AMEDEO MODIGLIANI (Italian, 1884-1920). Femme nue assise, 1916. Pencil and watercolor on paper. 15-1/2 x 11-1/2 inches (...
Femme nue assise, 1916
Pencil and watercolor on paper
15-1/2 x 11-1/2 inches (39.4 x 29.2 cm)
Signed lower right
The Hayden Calhoun Galleries, Dallas
Private Collection, Dallas
We are grateful to Modigliani Institut Archives Légales for confirming the authenticity of this drawing, which will be included in Volume V of Modigliani: Catalogue Raisonné.
Condition Report*:Media slightly faded and smeared/partially lost (pencil) due to abrasion and previous storage methods. Soft lines of discoloration seen along the right and left edges of the front. Scattered slight abrasions, creases, wrinkles, and pinhole -size punctures throughout the image area. Several previous repairs: two small bits of two different tapes repairing a puncture to the reverse of the subject's head, and one long strip of Japanese tissue reinforcing a horizontal fold near the bottom of the drawing. Two new repairs: two punctures, neither with paper loss, mended with wheat starch paste and Japanese tissue (one within the head of the subject, and one within her forearm). Several small edge tears covered by the mat (ones along the bottom edge mended with starch paste and Japanese tissue). Paper hinged to new acid-free mat along top edge with archival tape (evidence of previous brown paper tapes on verso) and backed with new acid-free board.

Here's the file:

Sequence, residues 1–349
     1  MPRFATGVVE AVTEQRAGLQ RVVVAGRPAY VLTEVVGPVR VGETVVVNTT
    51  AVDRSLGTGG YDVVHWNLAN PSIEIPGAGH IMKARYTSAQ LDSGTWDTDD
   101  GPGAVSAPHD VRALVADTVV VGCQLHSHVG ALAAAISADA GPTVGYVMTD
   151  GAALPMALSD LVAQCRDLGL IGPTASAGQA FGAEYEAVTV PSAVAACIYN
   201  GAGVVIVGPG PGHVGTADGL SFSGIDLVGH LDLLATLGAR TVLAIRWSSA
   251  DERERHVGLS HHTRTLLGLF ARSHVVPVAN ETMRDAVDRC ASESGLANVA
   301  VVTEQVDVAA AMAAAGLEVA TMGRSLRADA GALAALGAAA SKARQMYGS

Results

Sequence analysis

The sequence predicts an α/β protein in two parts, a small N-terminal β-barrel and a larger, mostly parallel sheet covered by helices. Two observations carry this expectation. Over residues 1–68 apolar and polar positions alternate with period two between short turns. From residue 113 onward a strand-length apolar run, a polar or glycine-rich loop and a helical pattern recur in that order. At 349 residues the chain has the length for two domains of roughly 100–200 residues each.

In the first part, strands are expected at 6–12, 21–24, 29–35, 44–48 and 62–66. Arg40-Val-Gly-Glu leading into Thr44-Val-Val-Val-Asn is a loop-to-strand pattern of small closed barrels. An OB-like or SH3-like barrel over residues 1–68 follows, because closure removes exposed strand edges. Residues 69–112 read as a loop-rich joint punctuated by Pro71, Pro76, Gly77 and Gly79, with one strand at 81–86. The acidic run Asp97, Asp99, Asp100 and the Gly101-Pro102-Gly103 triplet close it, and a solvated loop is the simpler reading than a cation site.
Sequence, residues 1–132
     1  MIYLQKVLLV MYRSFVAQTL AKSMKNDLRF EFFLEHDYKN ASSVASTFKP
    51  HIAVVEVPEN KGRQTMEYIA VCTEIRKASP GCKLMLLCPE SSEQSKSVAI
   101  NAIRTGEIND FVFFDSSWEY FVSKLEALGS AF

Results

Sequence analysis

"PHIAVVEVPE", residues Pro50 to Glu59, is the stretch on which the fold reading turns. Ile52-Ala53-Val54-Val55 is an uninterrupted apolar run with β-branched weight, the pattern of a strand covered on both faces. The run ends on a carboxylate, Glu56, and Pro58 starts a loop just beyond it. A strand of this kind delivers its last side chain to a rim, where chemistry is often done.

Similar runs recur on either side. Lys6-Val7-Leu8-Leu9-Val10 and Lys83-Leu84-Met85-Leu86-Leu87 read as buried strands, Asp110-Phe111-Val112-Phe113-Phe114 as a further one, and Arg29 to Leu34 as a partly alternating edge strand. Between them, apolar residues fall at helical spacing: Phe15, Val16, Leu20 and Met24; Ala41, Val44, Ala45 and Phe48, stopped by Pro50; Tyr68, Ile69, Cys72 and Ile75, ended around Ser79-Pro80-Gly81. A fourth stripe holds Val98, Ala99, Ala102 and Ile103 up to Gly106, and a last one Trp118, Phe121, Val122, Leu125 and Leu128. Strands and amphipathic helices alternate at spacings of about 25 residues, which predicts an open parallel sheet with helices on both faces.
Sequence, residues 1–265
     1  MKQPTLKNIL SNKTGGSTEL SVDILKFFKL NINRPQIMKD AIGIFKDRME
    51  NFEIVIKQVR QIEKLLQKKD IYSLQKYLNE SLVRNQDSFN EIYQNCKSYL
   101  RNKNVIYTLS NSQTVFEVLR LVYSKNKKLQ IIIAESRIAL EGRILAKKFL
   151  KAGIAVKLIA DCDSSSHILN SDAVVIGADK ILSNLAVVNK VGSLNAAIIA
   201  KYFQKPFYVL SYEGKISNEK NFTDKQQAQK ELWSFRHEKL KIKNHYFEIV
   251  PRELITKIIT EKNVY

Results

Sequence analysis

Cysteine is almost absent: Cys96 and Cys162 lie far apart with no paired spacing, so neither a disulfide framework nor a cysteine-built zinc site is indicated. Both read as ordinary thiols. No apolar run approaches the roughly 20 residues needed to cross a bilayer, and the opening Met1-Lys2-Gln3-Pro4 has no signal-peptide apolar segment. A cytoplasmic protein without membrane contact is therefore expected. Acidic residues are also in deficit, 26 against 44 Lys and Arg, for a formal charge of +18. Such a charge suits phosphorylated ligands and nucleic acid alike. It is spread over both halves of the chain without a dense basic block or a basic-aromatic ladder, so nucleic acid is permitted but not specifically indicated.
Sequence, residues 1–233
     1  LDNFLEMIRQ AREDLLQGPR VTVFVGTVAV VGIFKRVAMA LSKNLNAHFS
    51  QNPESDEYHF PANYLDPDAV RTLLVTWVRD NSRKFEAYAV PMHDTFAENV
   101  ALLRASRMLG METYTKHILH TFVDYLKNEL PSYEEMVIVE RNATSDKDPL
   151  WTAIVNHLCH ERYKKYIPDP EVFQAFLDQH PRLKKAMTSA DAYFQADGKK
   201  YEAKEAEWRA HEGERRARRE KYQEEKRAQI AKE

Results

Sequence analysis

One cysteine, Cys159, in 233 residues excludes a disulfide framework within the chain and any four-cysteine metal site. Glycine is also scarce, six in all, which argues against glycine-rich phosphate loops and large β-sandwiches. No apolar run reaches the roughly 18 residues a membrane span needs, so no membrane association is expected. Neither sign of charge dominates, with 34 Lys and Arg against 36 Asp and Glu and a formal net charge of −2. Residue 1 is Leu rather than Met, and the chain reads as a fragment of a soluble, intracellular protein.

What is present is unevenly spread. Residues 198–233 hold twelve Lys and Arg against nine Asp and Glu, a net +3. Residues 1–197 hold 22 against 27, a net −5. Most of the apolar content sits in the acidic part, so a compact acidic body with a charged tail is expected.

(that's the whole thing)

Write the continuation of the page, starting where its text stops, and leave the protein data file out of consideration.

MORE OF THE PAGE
Modigliani, Amedeo:Amedeo Clemente Modigliani (1884 – 1920), a Jewish Italian painter and sculptor, worked mainly in France on portraits and nudes developing a spare, modern style of elongated faces and figures. In his youth in Italy, Modigliani studied ancient and Renaissance art. His main subjects were portraits and full human figures in both painting and sculpture. His mother enrolled him in Guglielmo Micheli's Art School from 1898 to 1900, when the onset of tuberculosis forced him to cease his studies. While with Micheli, Modigliani studied portraiture, still life, and the nude. The last was where he displayed his greatest talent. In 1902, Modigliani enrolled in the Scuola Libera di Nudo, "Free School of the Nude," of theAccademia di Belle Arti in Florence. In 1906, Modigliani moved to Paris and settled in a Montmartre commune for artists, renting a studio in the Rue Caulaincourt. When he first arrived, he wrote home regularly to his mother, sketched nudes at the Académie Colarossi, and drank moderately. Within a year, however, he transformed himself from an artistic academic into a vagabond. His disorderly studio reflected his descent into alcoholism and drug addiction. During his early years in Paris, Modigliani worked furiously, producing as many as 100 drawings in a day. First influenced by Toulouse-Lautrec, Modigliani later became interested in the work of Cézanne. Eventually he developed his own unique style distinct from that of any other artist. Originally Modigliani saw himself as a sculptor rather than a painter. Paul Guillaume, an ambitious art dealer, introduced him to Romanian sculptor Constantin Brâncusi, who became his mentor for a year. Although he exhibited four elongated, highly stylized, sculpted heads in the 1912 annual Salon d'Automne, Modigliani abandoned sculpture in 1914 to focus solely on painting. The difficulty in procuring sculptural materials in wartime and the artist's worsening physical state influenced this shift. At the outset of WWI, Modigliani wanted to enlist in the army but was rejected for his poor health. In 1916, he befriended the Polish poet and art dealer Léopold Zborowski, who became his primary art dealer and friend in his last years, helping him financially and organizing a 1917 Paris exhibition of his work. Between 1916 and 1919 Modigliani painted several dozen nudes commissioned by Zborowski, who supplied models and painting materials and paid him each day for his work. The 1917 Paris show, Modigliani's only solo exhibition during his lifetime, was a public sensation closed by police on its opening day but reopened after the removal of exhibits from the gallery's street display window. La belle romaine, "Nude Sitting on a Divan," one the seven nudes exhibited in the 1917 show, sold for $68.9 million in 2010. During his lifetime, Modigliani sold a number of his paintings but none for much money. What money he made from them soon vanished into his profligate lifestyle.
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